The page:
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Curley Weaver (1933-1935)

Curley Weaver

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Album Review

Georgia slide guitar wizard Curley Weaver (1906-1962) is best remembered for his lengthy association with Blind Willie McTell, one of several guitarists who are heard on a 23-track compilation of Weaver records dating from 1933-1935. This disc appeared on Document in 1992, was reissued in 2000, and again in 2005. An expressive vocalist who sang at times like Blind Boy Fuller or Blind Blake, Weaver occasionally shifted into a plaintive falsetto while dexterously manipulating his slide over the fretted neck of the guitar. His friendship with fellow Georgians Blind Buddy Keith, Nemehiah Smith, Barbecue Bob, Charlie Lincoln, and Eddie Mapp are legendary. This is only a taste of his recorded legacy; Weaver cut his first sides in 1928 and made his final recordings in 1950 with his old friend Willie McTell. Vocalist Ruth Willis, who was closely affiliated with Weaver and his circle of musical friends, is heard in a duet with him on "Some Cold Rainy Day." As is often the case with Document collections released during the '90s, there are occasional instances of poor sound quality, and tracks 15 and 16 in particular suffer from periodic distortion. Tracks 6-13 are played by the Georgia Browns, a lively little band involving guitarist Fred McMullen and Weaver's harmonica-toting pal Buddy Moss. "Tampa Strut" and "Decatur Street 81" are two of this group's choicest sides, while "Who Stole de Lock?" has a decidedly more rural feel to it than the 1932 recording by Jack Bland's Rhythmakers. Both renditions benefit from a comparison with two earlier recordings of the tune by Bryant's Jubilee Quartet, a fine gospel and secular vocal harmony group whose complete works have also been reissued by Document. Some of Weaver's recordings were included on JSP's excellent four-CD set Atlanta Blues.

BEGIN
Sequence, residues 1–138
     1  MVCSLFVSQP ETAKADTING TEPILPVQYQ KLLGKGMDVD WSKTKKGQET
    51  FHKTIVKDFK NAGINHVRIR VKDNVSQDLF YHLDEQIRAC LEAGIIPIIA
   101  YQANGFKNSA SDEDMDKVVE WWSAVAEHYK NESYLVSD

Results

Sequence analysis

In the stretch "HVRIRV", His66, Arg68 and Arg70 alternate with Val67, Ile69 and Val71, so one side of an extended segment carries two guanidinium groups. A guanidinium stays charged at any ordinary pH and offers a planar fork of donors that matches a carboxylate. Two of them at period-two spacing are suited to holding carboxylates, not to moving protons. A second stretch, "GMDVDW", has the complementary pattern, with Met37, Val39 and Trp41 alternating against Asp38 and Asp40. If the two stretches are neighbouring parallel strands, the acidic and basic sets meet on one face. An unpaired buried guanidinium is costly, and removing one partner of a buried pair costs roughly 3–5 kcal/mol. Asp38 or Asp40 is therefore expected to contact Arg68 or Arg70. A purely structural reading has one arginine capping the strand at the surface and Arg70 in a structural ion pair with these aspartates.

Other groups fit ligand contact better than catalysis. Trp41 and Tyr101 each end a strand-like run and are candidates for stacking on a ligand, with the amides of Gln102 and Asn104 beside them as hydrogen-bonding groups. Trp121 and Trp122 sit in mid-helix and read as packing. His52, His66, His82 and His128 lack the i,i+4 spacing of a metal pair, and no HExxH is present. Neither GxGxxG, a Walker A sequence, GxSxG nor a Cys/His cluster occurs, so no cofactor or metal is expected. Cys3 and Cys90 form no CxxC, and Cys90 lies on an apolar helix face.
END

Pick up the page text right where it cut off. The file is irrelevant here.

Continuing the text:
Biography

Born: 26 March 1906 in Covington, GA

Genre: Blues

Years Active: '20s, '30s, '50s

Curley Weaver, who was known for much of his life as "the Georgia Guitar Wizard," is only just beginning to be appreciated as one of the best players ever to pick up a six-string instrument. Although he recorded a fair number of sides on his own during the 1920s and '30s, Weaver was most commonly heard in performances and recordings in association with his better-known colleagues Blind Willie McTell (with whom he worked from the 1930s until the early '50s), Barbecue Bob, and Buddy Moss. Weaver was...
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Curley Weaver (1933-1935), Curley Weaver
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